(8.11)\[\varphi_\mathrm{bias} = \mu(N)/e\alpha.\]

We thus expect to see a peak in current associated with every distinct electron number \(N\) as \(\varphi_\mathrm{bias}\) is swept. These peaks are called Coulomb peaks; their positions are stored in the coulomb_peak_pos attribute of the device object after running the solve method of the many-body Solver class.

Particle density

The particle density associated with each many-body eigenstate may be obtained using the get_many_body_density method of the Device class (see API Reference).

The electron density in a many-body eigenstate \(|\psi\rangle\) is given by

(8.12)\[\langle\rho(\mathbf r)\rangle_\psi =\sum_{j,j'}F_j^\ast(\mathbf r)F_{j'}(\mathbf r) \langle \hat c^\dagger_j \hat c_{j'}\rangle_\psi,\]

where \(j\) runs over all single-particle basis states (including the degeneracy index) and \(\langle \hat O\rangle_\psi\equiv \langle\psi|\hat O|\psi\rangle\) is the expectation value of operator \(\hat O\) in state \(|\psi\rangle\).

A simplified many-body Hamiltonian: The Fermi–Hubbard model

For weakly overlapping basis states, Eq. (8.5) reduces to

(8.13)\[H_D \approx \sum_{i\sigma}\epsilon_{i\sigma}n_{i\sigma} + \sum_{i} \frac{U_i}2 n_i(n_i-1) + \frac 12\sum_{j,j\neq i}V_{ij}n_i n_j,\]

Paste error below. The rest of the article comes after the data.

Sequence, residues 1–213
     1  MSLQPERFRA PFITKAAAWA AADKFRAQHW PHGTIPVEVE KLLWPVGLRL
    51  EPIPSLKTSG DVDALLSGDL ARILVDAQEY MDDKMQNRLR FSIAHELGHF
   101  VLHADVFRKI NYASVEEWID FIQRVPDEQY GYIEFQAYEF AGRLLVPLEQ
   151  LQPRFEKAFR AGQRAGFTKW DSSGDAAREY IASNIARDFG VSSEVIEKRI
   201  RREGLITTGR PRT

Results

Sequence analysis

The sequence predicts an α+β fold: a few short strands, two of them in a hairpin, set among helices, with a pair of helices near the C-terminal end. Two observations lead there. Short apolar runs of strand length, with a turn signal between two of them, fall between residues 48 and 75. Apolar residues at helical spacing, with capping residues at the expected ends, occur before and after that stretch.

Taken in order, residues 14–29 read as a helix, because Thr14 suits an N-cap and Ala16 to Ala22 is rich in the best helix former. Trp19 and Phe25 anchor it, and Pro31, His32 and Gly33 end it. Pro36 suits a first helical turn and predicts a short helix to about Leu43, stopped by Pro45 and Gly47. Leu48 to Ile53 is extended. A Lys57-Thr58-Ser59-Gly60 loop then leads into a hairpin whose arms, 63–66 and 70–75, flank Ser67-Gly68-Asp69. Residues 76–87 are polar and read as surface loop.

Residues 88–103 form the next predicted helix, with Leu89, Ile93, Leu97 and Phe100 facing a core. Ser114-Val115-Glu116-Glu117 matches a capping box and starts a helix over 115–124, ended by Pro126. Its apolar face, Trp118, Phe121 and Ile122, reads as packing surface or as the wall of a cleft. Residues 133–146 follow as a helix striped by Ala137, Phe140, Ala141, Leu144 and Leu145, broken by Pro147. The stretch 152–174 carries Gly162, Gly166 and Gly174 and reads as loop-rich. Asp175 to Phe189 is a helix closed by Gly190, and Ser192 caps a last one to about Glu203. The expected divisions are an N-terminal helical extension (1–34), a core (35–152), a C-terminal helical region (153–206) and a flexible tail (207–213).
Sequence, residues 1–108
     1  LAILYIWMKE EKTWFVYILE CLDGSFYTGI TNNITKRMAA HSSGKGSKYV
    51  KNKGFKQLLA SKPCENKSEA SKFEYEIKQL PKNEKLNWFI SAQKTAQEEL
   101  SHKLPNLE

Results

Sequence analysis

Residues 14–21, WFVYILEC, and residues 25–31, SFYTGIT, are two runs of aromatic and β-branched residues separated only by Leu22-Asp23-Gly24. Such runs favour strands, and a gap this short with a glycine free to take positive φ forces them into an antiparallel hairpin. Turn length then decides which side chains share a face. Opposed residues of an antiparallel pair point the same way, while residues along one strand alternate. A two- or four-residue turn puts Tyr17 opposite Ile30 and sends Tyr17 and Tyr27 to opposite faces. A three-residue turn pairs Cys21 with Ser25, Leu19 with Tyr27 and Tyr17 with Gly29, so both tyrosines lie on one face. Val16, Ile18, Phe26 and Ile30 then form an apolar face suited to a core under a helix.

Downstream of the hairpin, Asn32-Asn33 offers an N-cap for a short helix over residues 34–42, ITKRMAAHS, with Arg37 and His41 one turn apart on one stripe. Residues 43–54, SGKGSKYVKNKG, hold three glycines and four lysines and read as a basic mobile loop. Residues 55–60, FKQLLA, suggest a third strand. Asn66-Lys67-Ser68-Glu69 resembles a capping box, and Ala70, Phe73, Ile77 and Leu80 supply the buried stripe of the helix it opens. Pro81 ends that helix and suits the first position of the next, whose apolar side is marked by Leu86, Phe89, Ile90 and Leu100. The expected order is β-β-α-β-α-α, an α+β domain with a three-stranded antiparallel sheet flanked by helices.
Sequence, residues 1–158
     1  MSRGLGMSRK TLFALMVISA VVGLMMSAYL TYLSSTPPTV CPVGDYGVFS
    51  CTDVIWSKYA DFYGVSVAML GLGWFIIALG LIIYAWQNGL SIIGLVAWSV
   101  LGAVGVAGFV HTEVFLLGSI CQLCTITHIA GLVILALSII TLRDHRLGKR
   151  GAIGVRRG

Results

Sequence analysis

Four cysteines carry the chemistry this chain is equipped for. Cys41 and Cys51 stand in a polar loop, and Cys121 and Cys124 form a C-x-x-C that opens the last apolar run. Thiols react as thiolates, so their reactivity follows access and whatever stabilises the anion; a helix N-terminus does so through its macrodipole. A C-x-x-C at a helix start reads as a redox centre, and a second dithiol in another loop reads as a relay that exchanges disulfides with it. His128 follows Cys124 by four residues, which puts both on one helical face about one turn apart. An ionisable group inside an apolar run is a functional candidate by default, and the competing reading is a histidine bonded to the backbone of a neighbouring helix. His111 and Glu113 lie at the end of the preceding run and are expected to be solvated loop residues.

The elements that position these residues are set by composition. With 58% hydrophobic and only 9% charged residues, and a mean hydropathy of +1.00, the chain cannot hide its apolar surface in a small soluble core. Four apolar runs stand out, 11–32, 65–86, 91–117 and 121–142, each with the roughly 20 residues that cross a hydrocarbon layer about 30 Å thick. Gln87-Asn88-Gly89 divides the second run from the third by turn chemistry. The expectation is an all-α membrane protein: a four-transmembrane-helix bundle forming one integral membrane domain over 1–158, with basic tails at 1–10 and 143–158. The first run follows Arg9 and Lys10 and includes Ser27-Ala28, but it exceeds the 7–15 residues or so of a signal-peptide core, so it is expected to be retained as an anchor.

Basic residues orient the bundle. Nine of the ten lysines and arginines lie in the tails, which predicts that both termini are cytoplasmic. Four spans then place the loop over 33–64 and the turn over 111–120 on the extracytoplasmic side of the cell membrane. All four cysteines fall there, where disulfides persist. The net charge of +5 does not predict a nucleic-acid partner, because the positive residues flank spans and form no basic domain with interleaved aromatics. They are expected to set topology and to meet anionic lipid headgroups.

where we have introduced the particle number operators

(8.14)\[n_i = \sum_{\sigma} n_{i\sigma},\qquad n_{i\sigma} = c^{\dagger}_{i\sigma} c_{i\sigma}.\]

In addition, in Eq. (8.13), we have introduced the Coulomb interaction energies \(U_i\) and \(V_{ij}\), which are related to the Coulomb integrals defined in Eq. (8.6) by

(8.15)\[U_i = V_{iiii}, \qquad V_{ij} = V_{ijij}.\]

The main advantage of using Eq. (8.13) instead of Eq. (8.5) to model Coulomb interactions is that for a basis set containing \(n_\mathrm{states}\) single-particle orbitals, the number of Coulomb integrals to evaluate scales like \(\mathcal O(n_\mathrm{states}^2)\) instead of the more expensive \(\mathcal O (n_\mathrm{states}^4)\) scaling achieved when including overlap terms.

Relevant device attributes



QTCAD name




Confinement potential





set_V_from_phi, set_V

External confinement potential






Inverse effective mass tensor

\(\mathbf M^{-1}_e\)



See note

Through materials